Will political turmoil in Thailand force the central bank to slash rates?

According to a recent research report by Barclays, the answer is yes.

In a research report dated January 10, Barclays analysts say, “We now expect a rate cut by the Bank of Thailand in Q1 (first quarter of the year), possibly as early as the 22 January MPC meeting, although it may choose to wait for the election results (scheduled for 2 February) to assess whether political uncertainty is likely to dissipate quickly. 

It also notes: “The downside risks to growth have risen, amid ongoing political demonstrations.”

Protests against the current Yingluck Shinawatra-led government have escalated recently. On Monday, protestors poured into the streets to show  their discontent against the government. Opposition groups want to install a new government led by an unelected “people’s council”.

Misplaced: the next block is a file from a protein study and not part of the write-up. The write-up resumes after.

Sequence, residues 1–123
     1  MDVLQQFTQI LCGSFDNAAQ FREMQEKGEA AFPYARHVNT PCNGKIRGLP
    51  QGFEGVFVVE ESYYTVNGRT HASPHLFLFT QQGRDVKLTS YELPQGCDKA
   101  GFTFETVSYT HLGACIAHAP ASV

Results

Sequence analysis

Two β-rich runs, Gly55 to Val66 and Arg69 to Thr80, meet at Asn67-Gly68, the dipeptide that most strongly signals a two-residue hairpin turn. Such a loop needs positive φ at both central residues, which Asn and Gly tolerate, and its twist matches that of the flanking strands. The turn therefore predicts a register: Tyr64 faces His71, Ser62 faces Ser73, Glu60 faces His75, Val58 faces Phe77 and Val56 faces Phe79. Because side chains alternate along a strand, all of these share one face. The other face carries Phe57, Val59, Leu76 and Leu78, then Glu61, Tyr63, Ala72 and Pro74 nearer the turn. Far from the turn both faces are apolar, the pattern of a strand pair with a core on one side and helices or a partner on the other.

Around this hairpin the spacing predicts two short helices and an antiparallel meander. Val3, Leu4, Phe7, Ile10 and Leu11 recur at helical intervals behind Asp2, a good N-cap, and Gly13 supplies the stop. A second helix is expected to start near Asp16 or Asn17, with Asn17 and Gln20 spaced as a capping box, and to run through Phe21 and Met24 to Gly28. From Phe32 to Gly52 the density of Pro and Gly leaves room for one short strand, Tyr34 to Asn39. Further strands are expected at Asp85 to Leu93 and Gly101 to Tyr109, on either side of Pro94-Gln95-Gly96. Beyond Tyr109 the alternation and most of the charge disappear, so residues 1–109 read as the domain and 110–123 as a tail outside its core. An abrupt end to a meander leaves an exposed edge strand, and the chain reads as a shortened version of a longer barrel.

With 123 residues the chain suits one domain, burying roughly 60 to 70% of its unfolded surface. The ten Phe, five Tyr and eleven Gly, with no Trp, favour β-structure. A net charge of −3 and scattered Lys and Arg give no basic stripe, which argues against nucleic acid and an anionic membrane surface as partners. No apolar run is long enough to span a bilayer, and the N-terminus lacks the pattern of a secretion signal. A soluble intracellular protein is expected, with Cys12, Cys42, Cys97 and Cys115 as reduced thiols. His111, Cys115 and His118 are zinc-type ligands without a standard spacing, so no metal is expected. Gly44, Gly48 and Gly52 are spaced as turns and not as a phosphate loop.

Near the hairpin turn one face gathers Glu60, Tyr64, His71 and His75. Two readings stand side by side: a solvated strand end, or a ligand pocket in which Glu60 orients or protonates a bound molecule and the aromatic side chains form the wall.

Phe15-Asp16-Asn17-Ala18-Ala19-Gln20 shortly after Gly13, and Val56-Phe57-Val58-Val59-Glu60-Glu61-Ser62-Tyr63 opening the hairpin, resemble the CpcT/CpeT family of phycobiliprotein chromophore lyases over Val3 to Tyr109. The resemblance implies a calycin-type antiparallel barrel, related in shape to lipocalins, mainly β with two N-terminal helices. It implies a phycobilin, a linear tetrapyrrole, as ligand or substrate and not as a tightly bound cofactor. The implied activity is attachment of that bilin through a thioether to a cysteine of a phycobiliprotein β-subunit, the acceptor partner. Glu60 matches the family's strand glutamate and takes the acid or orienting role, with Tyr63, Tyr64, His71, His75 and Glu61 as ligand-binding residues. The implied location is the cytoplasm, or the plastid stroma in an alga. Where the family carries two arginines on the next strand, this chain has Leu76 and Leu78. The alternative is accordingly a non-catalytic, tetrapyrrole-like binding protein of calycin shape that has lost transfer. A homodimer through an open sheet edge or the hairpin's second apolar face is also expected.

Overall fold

The political turmoil is beginning to take a toll on the economy. As this CNN report notes, the Thai baht has plunged to multi-year lows while exports have tumbled. The tourism industry – one of the mainstays of the economy – has been badly hit as well.

Of course, protests are not new to Thailand. But over the past decade, the Thai economy has been able to quickly — and repeatedly — bounce back from political unrest. That phenomenon has even earned the country a nickname, according to CNBC: “Teflon Thailand.”

The problem this time around: life was already tough for the Thai economy before the protests began. Now, the situation threatens to get even worse.

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